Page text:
And he says, “As a programmer, I need cycles. I use them all the time.” What he’s saying is legit. But it turns out that you can actually do fine. There are other approaches that you can take. And the payoff that you get is a static judgment about the viability, and correctness of your program. And that’s really nothing to shake a stick at. It’s really something that I really miss when I have to go back to C++.
So, it’s a challenge, and it’s a worthwhile challenge to do. So, I don’t feel like the borrow checker is really something you have to fight with. The borrow checker is simply, it’s the discipline that you’re learning. And this discipline is a valuable way to structure programs.
On Being Explicit
Adam: The lifetimes portion, at first glance, it seems a little complicated. But then when I think of the idea that if I call something that’s going to store what I pass into it globally, you can’t hide that from me. Because I think a lot more time get spent maintaining code or debugging issues. And to have this explicit information right there in the signature, you don’t even have to dig into what it does.
Jim: It’s incredibly valuable. Right now, at work, I’m dealing with something where we have workers that send messages to each other, and I need to have some of those messages be delayed. For example, something is being debugged, it better not be delivering its messages while you’re sitting at a breakpoint.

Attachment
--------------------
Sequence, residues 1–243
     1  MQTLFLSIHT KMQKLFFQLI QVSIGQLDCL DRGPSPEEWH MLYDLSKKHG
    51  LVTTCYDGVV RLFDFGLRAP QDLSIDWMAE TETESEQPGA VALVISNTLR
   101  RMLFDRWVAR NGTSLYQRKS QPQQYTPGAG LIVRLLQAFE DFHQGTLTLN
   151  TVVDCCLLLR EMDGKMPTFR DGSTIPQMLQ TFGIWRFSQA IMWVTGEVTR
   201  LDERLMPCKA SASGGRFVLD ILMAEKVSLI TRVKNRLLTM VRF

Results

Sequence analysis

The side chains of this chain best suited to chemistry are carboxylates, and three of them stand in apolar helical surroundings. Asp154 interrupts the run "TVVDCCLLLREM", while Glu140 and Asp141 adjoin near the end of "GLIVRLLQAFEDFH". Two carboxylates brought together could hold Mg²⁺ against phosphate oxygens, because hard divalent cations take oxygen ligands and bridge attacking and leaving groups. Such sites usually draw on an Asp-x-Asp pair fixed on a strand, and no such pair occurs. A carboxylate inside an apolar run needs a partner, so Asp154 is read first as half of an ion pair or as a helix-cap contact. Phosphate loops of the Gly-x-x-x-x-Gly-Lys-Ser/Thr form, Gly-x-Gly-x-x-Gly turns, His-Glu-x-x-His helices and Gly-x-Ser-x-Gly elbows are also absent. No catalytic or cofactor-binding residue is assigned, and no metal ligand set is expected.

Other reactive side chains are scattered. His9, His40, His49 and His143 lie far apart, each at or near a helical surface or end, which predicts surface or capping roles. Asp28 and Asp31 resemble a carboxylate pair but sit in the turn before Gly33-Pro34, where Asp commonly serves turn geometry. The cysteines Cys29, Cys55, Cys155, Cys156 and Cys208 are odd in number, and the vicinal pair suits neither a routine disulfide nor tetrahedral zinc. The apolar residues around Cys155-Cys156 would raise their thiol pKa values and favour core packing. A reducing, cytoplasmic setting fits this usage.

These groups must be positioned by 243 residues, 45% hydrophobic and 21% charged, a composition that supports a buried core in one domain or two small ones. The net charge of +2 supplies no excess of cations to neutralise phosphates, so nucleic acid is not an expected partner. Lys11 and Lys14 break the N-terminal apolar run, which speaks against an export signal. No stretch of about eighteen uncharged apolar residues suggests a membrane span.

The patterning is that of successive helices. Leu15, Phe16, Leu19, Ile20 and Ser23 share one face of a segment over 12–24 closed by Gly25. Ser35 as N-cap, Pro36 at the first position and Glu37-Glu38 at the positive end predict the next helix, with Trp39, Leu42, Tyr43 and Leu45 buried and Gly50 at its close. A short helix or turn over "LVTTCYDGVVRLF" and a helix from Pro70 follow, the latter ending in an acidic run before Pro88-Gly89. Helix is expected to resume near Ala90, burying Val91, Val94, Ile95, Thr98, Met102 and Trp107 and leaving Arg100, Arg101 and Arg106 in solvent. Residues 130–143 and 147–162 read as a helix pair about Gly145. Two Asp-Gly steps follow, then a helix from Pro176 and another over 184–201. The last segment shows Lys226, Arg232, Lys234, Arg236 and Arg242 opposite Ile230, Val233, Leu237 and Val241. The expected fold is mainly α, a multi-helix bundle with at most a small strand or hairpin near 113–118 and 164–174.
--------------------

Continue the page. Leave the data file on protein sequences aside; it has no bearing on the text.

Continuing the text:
And that means that I’m changing when these messages get delivered. And it turns out that it’s very possible to change it so that the messages get delivered after the thing that we’re delivering to is gone. And so, here’s something where it absolutely would be a type error in Rust.
Or at least it would be something that the channel, the communications channel would recognize and cope with properly. But in C++, not only do I get a crash, which is it’s not unfamiliar. I had debug crashes before, but it’s like, I have to hunt it down. In Rust, it would have just told me. So, it’s kind of a pain.
Adam: So, I think you’ve made a case that there’s a style to Rust, and as a C++ developer, if you can adopt it, there’s big payoffs.
Adam: But as a developer who’s never too far from a garbage collector, I’m used to building more… I’m used to not worrying about references, and having things point to things all the time. So, is there a benefit to these constraints for somebody from a GC world?